This five-views work brings together an all-star lineup of Pauline scholars to offer a constructive, interdenominational, up-to-date conversation on key issues of Pauline theology. The editors begin with an informative recent history of biblical tradition related to the perspectives on Paul. John M. G. Barclay, A. Andrew Das, James D. G. Dunn, Brant Pitre, and Magnus Zetterholm then discuss how to interpret Paul's writings and theology, especially the apostle’s view of salvation. The book concludes with an assessment of the perspectives from a pastoral point of view by Dennis R. Edwards.
“Works are thus the condition of staying in, ‘but they do not earn salvation.’” (Page 4)
“What makes Paul distinctive is not that he believed in grace, or even that he thought that God’s grace could be unconditioned, but that he identified the Christ-event as the definitive, ultimate, incongruous gift, and expressed that conviction in a radical mission to non-Jews.” (Page 225)
“Temple Judaism (STJ) was correct though overstated. Contrary to Sanders, however, Dunn asserts that Paul maintained a sense of continuity with his Jewishness. Paul’s language of law and justification is to be understood within the social context of his gentile mission. The central point of his letters regarding these issues was that the gospel is about salvation in Christ for all, Jews and gentiles, and the latter are not to be excluded from belonging to God’s people, despite their nonobservance of Jewish customs. For Dunn, Paul’s mentioning of the ‘works of the law’ centers on boundary markers related to Jewish pride and exclusivism, such as circumcision and food laws.” (Page 7)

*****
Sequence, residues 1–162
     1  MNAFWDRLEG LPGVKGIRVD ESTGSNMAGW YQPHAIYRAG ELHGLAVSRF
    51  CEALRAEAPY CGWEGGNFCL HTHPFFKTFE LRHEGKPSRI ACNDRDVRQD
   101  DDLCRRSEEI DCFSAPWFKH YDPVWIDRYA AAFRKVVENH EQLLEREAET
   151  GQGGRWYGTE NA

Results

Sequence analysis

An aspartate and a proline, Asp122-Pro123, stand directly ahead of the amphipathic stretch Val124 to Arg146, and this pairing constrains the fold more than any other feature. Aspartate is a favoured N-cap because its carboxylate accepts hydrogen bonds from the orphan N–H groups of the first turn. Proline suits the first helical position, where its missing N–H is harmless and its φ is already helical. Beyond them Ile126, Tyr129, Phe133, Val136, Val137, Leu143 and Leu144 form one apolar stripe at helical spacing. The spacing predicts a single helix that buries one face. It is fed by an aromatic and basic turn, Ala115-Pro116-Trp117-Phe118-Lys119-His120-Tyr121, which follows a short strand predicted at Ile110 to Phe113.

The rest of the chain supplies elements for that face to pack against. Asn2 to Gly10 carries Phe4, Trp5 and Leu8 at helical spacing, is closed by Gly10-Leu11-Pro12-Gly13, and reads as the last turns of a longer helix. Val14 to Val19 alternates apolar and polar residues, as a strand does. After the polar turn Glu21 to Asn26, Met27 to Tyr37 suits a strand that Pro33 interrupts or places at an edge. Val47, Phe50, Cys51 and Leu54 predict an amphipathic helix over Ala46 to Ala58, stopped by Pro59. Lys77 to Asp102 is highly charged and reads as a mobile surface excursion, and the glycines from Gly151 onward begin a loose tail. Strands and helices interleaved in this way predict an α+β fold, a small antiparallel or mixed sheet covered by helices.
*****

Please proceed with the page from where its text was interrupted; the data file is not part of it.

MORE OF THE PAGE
“At one level, it traces the multiple vocabularies of gift, which are threaded through Paul’s theology and ethics, and are closely linked to contiguous lexemes (e.g., mercy and love). But at another level, it traces in Paul’s theology the structuring role of the Christ-event as an incongruous gift, a patterning sometimes signaled by gift-language (e.g., χάρις, charis), but sometimes not.” (Page 220)
“Paul argued that the ethnic division between Jews and the nations should remain, and this leads to the conclusion that non-Jews should not observe the Torah, at least not in the same way as Jews do, and definitely not for the same reasons.” (Page 190)
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B. J . Oropeza